THE ISLAND’S two communities yesterday appeared no closer to agreeing on a joint statement paving the way for the resumption of peace talks, with the government spokesman describing ongoing deliberations as touch-and-go.
“There is nothing definite yet…but also there is nothing that cannot change at the last instant,” Christos Stylianides told reporters.
He added: “That is why I say, because various rumours are circulating, that everyone knows from experience that on the Cyprus issue one can be very close and yet at the same time very far from an agreement. Even a single word can change everything.”
His comments came shortly after a lengthy briefing given by President Anastasiades to party leaders at the Palace.
Anastasiades has a set as a precondition for the start of a new round of negotiations the issuing of a joint declaration, where he wants it recorded that the new state would have a single citizenship, a single international personality and a single sovereignty.
The Turkish Cypriot side meanwhile counters that the federated states must be considered “founding states” in a new, reunited Cyprus, giving them sovereignty and “residual powers” to decide on matters like citizenship.
A meeting between Anastasiades and Turkish Cypriot leader Dervis Eroglu in late November failed to clinch a deal on a joint communiqué.
Despite media reports that, behind the scenes, a joint statement had been all but finalised, the government yesterday played it cautious.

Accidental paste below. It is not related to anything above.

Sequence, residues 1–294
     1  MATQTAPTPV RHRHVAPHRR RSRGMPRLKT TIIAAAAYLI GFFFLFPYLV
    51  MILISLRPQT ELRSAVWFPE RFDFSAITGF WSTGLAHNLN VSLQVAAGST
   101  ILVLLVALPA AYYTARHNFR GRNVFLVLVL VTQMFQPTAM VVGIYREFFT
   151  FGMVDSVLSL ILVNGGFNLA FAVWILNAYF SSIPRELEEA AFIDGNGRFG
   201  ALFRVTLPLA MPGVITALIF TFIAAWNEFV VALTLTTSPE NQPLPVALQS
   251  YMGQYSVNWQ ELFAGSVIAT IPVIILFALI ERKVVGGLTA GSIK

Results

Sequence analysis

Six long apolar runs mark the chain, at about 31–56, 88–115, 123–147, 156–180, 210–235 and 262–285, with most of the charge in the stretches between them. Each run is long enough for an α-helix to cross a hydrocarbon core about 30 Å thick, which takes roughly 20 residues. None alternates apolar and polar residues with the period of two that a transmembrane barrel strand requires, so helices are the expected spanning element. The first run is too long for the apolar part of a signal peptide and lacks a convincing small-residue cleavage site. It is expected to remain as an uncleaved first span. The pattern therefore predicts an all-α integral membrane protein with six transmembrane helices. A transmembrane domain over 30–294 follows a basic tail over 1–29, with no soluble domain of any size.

Asked whether the United Nations have handed over a draft declaration, Stylianides said: “There have been two or three documents, not but not from the UN, and they [party leaders] have been thoroughly briefed.”
The spokesman added that “certain concerns” were raised during the meeting at the Palace. He refused to be drawn also on whether the parties would give the President the green light to start peace talks in the event the Turkish Cypriots accepted the purported Greek Cypriot proposal.
“We are now at a critical juncture, and it was decided not to make statements on the content of the discussions as it would be improper to engage in a public negotiation,” he said, declining to give more details.
For the time being, Stylianides said, there was no deal on a joint statement. He rejected the view that the two communities have reached an impasse on the issue.
Asked to comment on a statement made by AKEL leader Andros Kyprianou – who said the Greek Cypriot side has delivered a new proposal to the Turkish Cypriots and is awaiting their response – Stylianides again was non-committal.
“The international community is assisting the deliberations in various ways,” he offered.
On Turkish media reports that the two sides were very close to agreeing a joint declaration, Stylianides reiterated: “When it comes to the Cyprus problem you can be at 99 per cent, but a single word can scupper an agreement. I advise caution and let us await how things develop over the next days.”
Meanwhile also yesterday Alexander Downer, the UN Secretary General’s Special Adviser on Cyprus, held separate meetings with the two communities’ chief negotiators, Andreas Mavroyiannis and Osman Ertug.
The UN official, who arrived here over the weekend, will today be meeting Anastasiades, later crossing to the north to see Eroglu.